Of course, if you are already an established personality or brand with a huge following, just having a Facebook page that posts updates like that is useful and will get plenty of engagement. If you’re trying to grow a brand, however, you need to give those users a reason to come to your page other than… well, you.
An example of this might be an author who writes books on interior design. They could post tips on interior design, giving people a reason to follow your page for that content. Then, that author has a new book out, they’ll not only have a following but one that is primed for that product.
3. Focus on a Niche
Once again following on nicely from the end of the last point, we have your niche. While this may not be possible for everybody—it’s hard to stick to a niche if you’re a pop musician, for example—if you have an area that your content or services revolve around, make sure the posts on your page stick to that niche.
Being more focused with your content will undoubtedly lower the number of potential users coming to your page, but it will ensure that the users who are interested in what you’re posting are more likely to find it. It will also make those users far more likely to stick around, and increase the chance of them engaging with your posts because they are truly interested in the subject matter.
The trick is finding a balance between narrowing you’re niche so far that the audience is minuscule, and broadening it so far that your page has too much competition to make an impact.
4. Invite People to Like Your Page
We often don’t like to bother people, but inviting people to like your Facebook page is something that not only yields good results but can be done with the click of a button thanks to Facebook’s “Invite People to Like This Page” button. The like invite will show up in their notifications, and they will be free to ignore it if they don’t want to.
5. Promote Your Page Outside of Facebook
Facebook is big. It can be easy to forget there’s a whole Internet out there, and it’s important that you don’t neglect to use that Internet when you’re trying to grow your Facebook page.
Obviously, we’re not suggesting you start spamming comment sections or tweet threads, but promote responsibly wherever you can. Sometimes simply letting followers know you have a Facebook page is enough.
6. Use Facebook Live
If you have it in you to make video content, Facebook Live is an excellent tool for garnering more interest in your Facebook page. These videos not only get put into various feeds when they are live, but they also remain up (if you allow it) after the fact, acting as lasting content for your page.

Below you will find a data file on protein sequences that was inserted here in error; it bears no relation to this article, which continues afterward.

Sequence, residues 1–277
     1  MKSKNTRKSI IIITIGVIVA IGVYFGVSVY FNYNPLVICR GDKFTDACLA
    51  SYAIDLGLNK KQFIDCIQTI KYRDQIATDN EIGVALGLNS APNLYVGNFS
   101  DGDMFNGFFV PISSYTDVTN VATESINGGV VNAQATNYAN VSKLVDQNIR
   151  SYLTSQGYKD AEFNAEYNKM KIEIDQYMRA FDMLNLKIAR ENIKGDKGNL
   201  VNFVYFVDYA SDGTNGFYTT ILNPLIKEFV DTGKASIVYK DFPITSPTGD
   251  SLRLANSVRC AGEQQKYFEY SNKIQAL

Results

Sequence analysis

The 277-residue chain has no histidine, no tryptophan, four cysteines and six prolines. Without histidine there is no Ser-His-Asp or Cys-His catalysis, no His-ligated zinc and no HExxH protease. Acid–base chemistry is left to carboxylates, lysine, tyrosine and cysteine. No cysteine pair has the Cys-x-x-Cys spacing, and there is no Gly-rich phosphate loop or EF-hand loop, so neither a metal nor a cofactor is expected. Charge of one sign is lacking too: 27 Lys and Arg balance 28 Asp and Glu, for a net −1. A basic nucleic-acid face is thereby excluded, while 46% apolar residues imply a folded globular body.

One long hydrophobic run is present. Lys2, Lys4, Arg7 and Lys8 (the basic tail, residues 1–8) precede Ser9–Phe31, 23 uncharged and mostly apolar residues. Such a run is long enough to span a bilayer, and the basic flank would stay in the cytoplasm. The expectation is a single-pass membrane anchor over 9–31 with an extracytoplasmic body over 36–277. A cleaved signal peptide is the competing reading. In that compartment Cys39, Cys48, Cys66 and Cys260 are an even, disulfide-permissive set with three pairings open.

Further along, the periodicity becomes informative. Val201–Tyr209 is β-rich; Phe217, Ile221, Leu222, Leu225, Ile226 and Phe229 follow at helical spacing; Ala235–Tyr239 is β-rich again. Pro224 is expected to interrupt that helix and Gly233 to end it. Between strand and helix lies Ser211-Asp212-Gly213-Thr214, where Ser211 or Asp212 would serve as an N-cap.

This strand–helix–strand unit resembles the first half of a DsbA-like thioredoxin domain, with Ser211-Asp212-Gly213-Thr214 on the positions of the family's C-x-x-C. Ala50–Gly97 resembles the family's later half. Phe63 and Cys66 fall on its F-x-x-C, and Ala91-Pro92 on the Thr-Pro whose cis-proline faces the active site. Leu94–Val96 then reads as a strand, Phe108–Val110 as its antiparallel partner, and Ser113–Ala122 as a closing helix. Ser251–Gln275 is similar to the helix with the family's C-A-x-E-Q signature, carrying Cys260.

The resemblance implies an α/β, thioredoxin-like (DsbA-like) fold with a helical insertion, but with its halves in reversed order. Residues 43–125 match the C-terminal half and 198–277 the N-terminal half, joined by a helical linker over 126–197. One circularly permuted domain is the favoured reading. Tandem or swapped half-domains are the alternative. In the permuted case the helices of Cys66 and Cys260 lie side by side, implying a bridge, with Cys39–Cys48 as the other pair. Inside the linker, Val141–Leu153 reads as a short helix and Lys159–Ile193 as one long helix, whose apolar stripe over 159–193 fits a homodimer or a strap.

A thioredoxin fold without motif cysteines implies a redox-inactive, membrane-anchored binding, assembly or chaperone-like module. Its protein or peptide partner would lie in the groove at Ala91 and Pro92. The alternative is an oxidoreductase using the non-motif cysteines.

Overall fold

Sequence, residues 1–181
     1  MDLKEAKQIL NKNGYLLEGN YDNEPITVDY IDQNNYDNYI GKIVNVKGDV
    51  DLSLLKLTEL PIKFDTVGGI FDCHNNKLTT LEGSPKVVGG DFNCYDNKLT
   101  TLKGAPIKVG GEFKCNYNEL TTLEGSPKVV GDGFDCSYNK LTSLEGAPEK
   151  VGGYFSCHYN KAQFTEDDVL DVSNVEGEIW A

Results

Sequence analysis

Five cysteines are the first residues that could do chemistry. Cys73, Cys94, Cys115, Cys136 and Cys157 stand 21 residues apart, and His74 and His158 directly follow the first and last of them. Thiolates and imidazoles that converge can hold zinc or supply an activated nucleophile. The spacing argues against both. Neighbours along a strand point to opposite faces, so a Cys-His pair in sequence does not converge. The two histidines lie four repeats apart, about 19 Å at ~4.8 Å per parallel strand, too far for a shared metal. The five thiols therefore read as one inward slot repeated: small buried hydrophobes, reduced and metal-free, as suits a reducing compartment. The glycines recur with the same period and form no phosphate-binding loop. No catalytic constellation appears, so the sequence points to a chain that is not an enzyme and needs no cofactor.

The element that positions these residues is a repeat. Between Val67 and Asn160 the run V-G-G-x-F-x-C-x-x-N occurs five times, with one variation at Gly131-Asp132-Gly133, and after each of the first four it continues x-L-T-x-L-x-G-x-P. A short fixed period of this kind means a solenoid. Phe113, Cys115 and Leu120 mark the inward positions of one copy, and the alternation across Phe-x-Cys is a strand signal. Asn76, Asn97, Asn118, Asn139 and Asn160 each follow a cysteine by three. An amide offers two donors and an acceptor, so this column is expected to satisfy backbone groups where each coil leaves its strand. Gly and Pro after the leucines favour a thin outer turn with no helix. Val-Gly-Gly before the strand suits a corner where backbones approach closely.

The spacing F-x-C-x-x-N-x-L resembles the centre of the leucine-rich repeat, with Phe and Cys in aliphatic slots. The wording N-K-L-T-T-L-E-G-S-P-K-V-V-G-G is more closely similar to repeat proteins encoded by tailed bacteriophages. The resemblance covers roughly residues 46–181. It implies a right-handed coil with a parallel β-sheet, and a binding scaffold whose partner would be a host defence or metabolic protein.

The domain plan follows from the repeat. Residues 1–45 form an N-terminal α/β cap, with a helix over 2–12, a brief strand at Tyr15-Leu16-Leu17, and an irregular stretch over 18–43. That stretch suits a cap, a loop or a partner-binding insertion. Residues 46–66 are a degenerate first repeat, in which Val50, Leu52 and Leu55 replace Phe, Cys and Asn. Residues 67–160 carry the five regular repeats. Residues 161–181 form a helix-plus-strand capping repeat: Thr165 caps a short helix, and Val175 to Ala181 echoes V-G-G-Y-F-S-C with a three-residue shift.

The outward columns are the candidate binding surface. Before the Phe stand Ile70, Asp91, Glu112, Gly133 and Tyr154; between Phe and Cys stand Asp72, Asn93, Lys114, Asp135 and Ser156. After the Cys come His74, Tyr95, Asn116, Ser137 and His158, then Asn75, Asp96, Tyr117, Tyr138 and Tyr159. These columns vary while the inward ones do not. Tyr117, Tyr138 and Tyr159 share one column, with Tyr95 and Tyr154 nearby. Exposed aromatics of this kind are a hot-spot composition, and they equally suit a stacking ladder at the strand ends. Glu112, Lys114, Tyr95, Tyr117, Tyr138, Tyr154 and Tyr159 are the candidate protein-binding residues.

As per our above tip about niches, try to keep this content in line with the subject matter (or matters) that your page represents. There’s no sense attracting people who won’t be interested in what you do.
7. Run Giveaways and Other Promotions
There are no hidden tricks here, this is exactly what it sounds like. If you are in a position to run competitions or promotions… or just give stuff away, it’s an effective way to generate interest for your page. Just be careful not to violate any local or international laws with any contests you run. Always check the law.
8. Join Relevant Facebook Groups
We’ve talked about getting off of Facebook to promote your page, but what about on Facebook? Finding relevant groups and participating can be a great way to generate interest. Like with anywhere else, be sure not to spam, and adhere to the rules of any group you join.
9. Utilise Calls to Action
If you’re writing blog posts, recording podcasts, posting videos, or generally making content elsewhere on the web, don’t be afraid to use a call to action. It could just be a line at the end of your article, a polite nudge at the end of a video, or really any mention. You’d be surprised how much of a difference it makes.
You can advertise away from Facebook, but we’d suggest using Facebook’s own advertising platform if you want to advertise a Facebook page. It is more likely to land in front of a user who will be interested, as the very fact that they are seeing it means they are a Facebook user, whereas a Google AdSense ad could easily wind up in front of a person who is not on Facebook and has no intention of joining.